There are several measures of rendering performance other than “how long do I need to wait for the noise to go away”, that can be used for performance debugging, (i.e. determining why a scene is taking too long to render). One of them is "rays per sample" displayed in the render stamp and in the “Stats” panel of the Corona VFB.
Rays per sample
Each image sample involves casting a single primary ray from the camera into the scene. This ray can then split/generate many secondary rays. The number of generated rays depends on the scene and influences performance - more rays/sample means a lower number of passes can be rendered in a given time. The number is also directly dependent on the GI vs. AA balance and LSM - higher values will result in higher rays/sample. This is normal behavior and not a bug. The usual value of rays/sample is about 5-50 for GI vs AA samples set to 16 and light samples multiplier 1. Using UHD Cache (3ds Max | C4D) results in lower rays/sample and better performance over time.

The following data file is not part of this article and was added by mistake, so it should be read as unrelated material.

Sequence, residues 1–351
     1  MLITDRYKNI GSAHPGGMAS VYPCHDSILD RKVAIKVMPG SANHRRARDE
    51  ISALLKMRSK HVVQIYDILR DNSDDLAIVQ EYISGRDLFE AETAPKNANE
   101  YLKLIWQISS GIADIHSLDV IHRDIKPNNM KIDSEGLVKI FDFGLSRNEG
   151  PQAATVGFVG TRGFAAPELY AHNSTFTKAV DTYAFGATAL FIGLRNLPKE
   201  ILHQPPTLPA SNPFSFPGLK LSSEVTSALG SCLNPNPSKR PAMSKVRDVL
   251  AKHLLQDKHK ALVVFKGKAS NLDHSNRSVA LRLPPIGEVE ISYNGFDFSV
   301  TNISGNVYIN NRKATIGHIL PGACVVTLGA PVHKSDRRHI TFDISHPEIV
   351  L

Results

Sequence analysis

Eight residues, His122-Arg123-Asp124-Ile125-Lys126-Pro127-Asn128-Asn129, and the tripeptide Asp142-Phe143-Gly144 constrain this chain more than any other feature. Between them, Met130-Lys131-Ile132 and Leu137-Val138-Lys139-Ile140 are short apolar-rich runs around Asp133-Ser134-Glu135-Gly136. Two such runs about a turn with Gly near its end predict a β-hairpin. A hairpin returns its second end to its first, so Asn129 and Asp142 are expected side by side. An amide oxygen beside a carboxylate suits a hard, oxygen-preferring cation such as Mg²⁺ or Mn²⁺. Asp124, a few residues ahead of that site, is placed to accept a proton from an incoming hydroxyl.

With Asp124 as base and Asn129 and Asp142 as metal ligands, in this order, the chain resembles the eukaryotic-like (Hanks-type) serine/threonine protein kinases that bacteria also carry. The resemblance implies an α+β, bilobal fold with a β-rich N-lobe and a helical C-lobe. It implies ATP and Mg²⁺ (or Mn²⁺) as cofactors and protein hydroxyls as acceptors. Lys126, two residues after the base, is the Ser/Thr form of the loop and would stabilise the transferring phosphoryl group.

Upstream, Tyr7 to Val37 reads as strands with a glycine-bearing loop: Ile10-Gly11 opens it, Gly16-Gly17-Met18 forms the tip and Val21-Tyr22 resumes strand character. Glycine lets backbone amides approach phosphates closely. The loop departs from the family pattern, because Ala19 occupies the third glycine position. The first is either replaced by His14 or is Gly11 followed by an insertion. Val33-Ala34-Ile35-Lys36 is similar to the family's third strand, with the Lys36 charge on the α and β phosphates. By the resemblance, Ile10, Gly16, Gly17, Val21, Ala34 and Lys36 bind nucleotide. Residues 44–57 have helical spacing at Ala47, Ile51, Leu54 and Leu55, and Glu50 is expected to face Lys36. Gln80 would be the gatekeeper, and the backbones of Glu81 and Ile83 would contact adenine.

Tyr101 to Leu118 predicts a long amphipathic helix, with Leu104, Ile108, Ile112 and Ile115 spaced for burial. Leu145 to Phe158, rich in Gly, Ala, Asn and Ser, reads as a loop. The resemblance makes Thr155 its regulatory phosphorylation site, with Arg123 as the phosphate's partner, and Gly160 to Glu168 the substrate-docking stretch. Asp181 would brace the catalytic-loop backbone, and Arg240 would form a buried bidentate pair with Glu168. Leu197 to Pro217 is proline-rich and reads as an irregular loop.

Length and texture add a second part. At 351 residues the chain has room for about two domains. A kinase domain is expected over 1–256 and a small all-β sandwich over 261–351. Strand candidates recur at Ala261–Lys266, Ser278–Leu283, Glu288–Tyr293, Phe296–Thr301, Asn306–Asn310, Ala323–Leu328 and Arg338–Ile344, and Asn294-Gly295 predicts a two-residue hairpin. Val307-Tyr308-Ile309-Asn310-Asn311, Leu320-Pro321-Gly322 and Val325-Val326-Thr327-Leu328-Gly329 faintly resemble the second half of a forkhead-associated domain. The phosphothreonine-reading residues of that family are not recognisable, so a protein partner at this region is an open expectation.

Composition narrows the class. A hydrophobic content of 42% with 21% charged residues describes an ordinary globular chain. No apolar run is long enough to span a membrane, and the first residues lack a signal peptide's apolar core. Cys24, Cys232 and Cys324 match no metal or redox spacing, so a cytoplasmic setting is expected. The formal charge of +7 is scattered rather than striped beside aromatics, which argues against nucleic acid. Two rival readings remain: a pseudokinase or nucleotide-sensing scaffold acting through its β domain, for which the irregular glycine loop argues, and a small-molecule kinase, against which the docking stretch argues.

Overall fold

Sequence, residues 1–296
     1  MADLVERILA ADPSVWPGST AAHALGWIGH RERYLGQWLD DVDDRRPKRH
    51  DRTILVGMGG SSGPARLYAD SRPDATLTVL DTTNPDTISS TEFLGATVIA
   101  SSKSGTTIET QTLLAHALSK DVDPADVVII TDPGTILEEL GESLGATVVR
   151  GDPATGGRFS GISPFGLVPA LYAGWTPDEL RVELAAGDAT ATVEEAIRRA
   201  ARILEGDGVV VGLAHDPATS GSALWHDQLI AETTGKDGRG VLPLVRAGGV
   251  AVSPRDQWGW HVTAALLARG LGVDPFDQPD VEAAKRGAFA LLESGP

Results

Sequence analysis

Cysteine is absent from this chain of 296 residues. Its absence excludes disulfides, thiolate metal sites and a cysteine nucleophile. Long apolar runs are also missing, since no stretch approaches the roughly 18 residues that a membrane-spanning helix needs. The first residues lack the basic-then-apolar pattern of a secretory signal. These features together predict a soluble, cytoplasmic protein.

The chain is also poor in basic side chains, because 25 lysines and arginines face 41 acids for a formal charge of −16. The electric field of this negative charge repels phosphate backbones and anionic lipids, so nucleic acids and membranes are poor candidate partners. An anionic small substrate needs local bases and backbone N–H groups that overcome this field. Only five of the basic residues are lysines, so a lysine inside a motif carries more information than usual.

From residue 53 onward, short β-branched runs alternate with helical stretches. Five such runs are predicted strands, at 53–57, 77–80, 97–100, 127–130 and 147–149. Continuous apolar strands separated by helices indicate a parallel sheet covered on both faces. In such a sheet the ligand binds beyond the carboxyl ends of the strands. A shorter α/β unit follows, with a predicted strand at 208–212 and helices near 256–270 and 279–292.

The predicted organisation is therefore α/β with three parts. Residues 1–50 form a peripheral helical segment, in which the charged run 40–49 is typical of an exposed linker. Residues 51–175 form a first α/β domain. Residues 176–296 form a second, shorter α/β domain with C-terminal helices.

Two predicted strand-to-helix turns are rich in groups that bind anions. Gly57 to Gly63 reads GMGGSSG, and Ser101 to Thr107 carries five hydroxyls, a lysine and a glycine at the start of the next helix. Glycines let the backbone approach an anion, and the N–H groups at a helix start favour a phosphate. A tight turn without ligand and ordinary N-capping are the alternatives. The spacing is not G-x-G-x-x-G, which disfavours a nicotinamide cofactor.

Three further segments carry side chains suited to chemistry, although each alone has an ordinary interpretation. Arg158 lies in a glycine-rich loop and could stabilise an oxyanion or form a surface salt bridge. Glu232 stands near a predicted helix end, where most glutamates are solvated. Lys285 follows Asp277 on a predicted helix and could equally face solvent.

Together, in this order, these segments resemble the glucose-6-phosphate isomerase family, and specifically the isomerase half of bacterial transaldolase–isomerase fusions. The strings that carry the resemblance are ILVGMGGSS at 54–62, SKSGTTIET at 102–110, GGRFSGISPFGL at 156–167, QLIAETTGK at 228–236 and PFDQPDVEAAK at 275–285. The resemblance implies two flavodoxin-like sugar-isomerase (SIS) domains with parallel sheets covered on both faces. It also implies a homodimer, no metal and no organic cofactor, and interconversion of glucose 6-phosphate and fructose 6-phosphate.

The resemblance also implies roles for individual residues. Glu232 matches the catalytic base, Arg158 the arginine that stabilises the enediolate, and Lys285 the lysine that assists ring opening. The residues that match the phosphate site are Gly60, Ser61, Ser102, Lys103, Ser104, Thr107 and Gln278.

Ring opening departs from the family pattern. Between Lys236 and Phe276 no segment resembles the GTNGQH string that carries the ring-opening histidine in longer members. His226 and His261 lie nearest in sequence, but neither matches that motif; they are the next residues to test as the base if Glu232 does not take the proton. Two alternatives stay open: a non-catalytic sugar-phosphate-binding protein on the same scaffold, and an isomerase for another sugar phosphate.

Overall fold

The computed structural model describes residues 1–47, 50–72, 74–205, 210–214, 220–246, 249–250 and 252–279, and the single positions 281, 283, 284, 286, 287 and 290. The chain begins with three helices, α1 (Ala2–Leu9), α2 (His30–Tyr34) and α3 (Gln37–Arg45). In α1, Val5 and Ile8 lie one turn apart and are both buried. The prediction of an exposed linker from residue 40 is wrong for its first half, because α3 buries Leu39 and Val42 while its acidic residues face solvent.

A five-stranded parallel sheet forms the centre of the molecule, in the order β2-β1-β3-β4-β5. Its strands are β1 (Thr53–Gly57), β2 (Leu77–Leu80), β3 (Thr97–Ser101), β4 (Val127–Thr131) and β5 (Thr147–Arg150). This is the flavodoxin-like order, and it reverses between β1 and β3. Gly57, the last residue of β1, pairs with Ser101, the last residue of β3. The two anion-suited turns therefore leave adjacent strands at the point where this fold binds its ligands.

Very high rays/sample for given GIvsAA balance means the rendering is doing too much work for a single image sample, usually because of an incorrectly set up scene, decreasing the overall performance. Common reasons for high rays/sample include:
Too high albedo of walls in an interior scene. Albedo is the percentage of energy a material reflects, and in Corona is the sum of diffuse, reflective, refractive, and translucent components. In reality, almost no materials have near-white albedos, and using white albedo (for example 255-white diffuse color) in rendering gives very unrealistic and slow results and cannot be correctly rendered with an unbiased renderer. Try keeping albedos of all your main scene objects under RGB 180, and get whiter walls by brightening light sources.
See: What is albedo?
Excessive use of transparent/refractive materials
Complex blend/layered material setups
To solve the problem, try: